YAXPAPI (Yet Another XML Parser API)- an XDEV proposal
peter at ursus.demon.co.uk
Sat Dec 13 19:18:11 GMT 1997
At 09:59 13/12/97 -0800, Tim Bray wrote:
>At 03:19 PM 13/12/97, Peter Murray-Rust wrote:
>I agree with Peter that we should just buckle down and get on with what used
>to be known as XAPI.
>But my approach would be quite different. I think that the first step
I'm missing something :-) Your approach below seems almost identical to
what I was suggesting.
>should be the end-user's API, the kind of thing that someone using a SMIL
>or RDF processor would need. Such a person really doesn't want to wrestle
>with entities and references and PIs and marked sections; all they want
Agreed - and they wouldn't be in what I wanted as well.
>is elements and attributes and the basic doctype info; they want the
>processor to deal with entities and refs and quote marks and white space in
>markup and encodings and so on.
>This would go a long way to address the whinings of the RDF & SMIL type
>people, who thought XML just meant elements and attributes. I think that
>from their point if view, it should be, all the other stuff in the syntax
>is strictly to support authoring and management convenience.
>It should come in event-stream flavor and tree flavor.
>Minimal event stream API:
>1. Doctype, returns: root type, external subset system/public idents
I would like the elements as well. If the parser doesn't do them, we just
return null. But if it does...
>2. Element start, returns: type, element name-value pairs, whether it's empty
is "type" the elementType? This is the sort of terminological problem we
>4. End Element, returns: type
>Minimal tree API:
>1. Document, with methods: root type, system ID, public ID, root element
>2. Element, with methods: parent, children, attributeValueByName,
>3. Attribute, with methods: name, value
>4. Text (presumably hiding lazy evaluation)
>I acknowledge this is grossly insufficient for basing an editor on. You want
I don't want much for an editor. Just the attribute stuff and contentspec.
I don't want PE's, comments, marked sections and so on.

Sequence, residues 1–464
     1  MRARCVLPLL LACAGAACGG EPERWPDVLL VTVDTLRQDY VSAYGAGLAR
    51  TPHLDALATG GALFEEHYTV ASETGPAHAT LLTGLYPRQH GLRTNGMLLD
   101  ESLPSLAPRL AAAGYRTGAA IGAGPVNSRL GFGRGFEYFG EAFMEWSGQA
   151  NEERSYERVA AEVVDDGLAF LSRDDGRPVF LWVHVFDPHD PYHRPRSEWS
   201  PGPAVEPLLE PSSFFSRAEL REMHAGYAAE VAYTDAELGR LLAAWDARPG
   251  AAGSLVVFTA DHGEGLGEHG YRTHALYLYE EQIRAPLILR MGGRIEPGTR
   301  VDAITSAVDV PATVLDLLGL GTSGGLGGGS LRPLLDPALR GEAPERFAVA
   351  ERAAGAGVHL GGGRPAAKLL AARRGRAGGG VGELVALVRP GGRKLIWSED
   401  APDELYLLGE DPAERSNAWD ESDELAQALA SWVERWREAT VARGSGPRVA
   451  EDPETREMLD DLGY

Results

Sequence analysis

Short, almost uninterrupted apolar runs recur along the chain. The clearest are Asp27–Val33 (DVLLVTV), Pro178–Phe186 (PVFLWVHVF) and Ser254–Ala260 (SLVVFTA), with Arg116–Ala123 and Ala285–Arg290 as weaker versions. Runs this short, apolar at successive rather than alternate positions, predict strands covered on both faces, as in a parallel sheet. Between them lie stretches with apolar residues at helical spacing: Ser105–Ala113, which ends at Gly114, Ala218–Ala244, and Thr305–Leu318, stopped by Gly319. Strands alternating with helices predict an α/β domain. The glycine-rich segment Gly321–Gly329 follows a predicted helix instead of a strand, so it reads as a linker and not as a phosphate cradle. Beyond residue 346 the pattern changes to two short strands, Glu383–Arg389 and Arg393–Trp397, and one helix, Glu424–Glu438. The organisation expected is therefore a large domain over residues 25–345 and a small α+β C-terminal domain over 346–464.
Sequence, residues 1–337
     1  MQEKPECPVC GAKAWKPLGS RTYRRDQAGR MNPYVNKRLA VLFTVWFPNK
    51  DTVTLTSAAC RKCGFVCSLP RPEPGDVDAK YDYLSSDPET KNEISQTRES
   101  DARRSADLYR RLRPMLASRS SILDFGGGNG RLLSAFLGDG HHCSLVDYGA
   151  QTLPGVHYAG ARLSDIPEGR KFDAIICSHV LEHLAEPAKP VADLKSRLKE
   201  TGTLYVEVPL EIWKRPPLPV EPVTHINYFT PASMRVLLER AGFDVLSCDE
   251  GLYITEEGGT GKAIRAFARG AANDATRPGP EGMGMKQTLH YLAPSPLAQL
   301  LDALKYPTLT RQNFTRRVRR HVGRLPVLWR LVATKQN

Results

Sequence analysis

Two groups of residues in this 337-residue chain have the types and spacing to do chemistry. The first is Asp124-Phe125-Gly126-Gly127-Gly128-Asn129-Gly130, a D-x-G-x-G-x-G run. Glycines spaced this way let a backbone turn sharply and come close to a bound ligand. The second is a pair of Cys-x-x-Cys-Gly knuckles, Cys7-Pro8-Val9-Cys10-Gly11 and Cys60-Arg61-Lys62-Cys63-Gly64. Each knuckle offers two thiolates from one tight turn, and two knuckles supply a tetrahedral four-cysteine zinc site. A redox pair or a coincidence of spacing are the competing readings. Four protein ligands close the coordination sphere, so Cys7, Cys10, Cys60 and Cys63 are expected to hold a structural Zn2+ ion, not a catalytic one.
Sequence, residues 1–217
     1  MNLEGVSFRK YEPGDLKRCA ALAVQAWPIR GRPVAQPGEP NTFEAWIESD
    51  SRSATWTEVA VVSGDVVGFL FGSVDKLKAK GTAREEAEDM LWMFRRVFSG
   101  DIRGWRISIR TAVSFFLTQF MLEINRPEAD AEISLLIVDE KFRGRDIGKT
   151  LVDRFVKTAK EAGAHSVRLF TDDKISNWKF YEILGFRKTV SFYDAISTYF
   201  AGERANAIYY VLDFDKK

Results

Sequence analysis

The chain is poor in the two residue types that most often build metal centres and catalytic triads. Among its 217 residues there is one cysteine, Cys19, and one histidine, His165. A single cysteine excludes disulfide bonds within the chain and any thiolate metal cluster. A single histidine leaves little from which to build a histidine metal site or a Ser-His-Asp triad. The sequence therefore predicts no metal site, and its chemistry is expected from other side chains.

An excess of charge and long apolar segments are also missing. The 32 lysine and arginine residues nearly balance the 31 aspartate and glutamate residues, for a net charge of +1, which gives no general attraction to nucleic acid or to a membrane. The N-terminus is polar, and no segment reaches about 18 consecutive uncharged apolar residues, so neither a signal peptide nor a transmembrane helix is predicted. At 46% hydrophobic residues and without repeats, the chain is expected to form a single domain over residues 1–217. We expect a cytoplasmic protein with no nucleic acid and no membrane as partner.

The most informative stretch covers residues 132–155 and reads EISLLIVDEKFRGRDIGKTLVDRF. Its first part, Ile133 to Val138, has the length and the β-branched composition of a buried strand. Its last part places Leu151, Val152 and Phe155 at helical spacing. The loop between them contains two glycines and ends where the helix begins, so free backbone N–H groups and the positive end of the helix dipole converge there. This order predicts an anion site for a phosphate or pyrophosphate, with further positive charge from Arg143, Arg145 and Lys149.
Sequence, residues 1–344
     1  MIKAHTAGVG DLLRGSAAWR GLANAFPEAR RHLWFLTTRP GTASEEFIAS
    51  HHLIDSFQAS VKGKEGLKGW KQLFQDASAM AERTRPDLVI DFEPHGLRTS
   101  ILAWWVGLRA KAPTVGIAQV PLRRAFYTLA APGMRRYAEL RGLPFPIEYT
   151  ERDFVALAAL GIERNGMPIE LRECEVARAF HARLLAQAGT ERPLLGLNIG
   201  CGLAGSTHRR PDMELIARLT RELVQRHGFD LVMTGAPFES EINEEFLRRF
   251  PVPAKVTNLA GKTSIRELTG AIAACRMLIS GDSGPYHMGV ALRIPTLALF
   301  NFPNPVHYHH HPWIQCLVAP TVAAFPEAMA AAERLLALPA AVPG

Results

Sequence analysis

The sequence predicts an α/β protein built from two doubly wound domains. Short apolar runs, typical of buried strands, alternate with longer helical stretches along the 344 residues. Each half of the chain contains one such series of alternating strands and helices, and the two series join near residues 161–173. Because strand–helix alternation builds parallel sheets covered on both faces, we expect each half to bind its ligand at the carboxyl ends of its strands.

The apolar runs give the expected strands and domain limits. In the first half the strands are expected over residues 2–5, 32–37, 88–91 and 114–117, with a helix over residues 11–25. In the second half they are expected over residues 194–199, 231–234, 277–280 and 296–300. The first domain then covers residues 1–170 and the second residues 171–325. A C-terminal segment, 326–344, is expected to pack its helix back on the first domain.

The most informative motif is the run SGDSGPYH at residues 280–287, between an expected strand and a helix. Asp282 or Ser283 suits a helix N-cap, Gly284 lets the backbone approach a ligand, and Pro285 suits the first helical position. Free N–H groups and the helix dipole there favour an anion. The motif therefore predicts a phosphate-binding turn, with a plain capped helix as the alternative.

>that, use the DOM. Only a few choices have design implications:
>1. How are children returned; possibilities would be to have Element and
> Text crammed into the same class with a method for asking which is which,
> or have separate Text and Element classes, then children returns an Object
> array or a Vector, and you can find out what kind of child each member
> is using the instanceof operator. I favor the latter, Lark does this
I'm easy - **as long as we all agree**
>2. Whether it's worthwhile putting children into, as opposed to a native
> array or Vector, a special ChildList class with enumerator and indexing
> so you can hide a lazy-evaluation behind it. I favor the latter, the
which is 'the latter'? :-)
> DOM does this but Lark doesn't.
>3. Whether the processor should be required to coalesce adjacent Text
> objects. Suppose you have <a>foo <!--comment--> bar &ref; <?pi?>baz</a>,
> it's immensely less work if the processor can give this to the app
> as 4 Text chunks. I think most of the processors do this now.
I don't have a problem here...
>If I formalized and published this, it would look a lot like part of
>Lark's interface, but I bet all the other parsers could implement it.
>Should I? -Tim
I bet they could. It is very important, however, that everyone agrees on
I have never seen this as a difficult problem. I think it would take a week
to come up with a reasonable working draft. I hope that XML-DEVers will see
the value of a simple interface and not - as has happened before - keep
getting more and more complex. the three parsers we have are simple - it's
a slightly depressing situation that we haven't got an interface for them
I suggest that Tim goes ahead, but I'll also produce my interface from the
spec. After all, that will show what the *consumer* (i.e. JUMBO) would
like. As always I shall be happy to junk anything I do if it helps us make
It might also be useful for us to set ourselves a deadline.
Peter Murray-Rust, Director Virtual School of Molecular Sciences, domestic
VSMS http://www.nottingham.ac.uk/vsms, Virtual Hyperglossary
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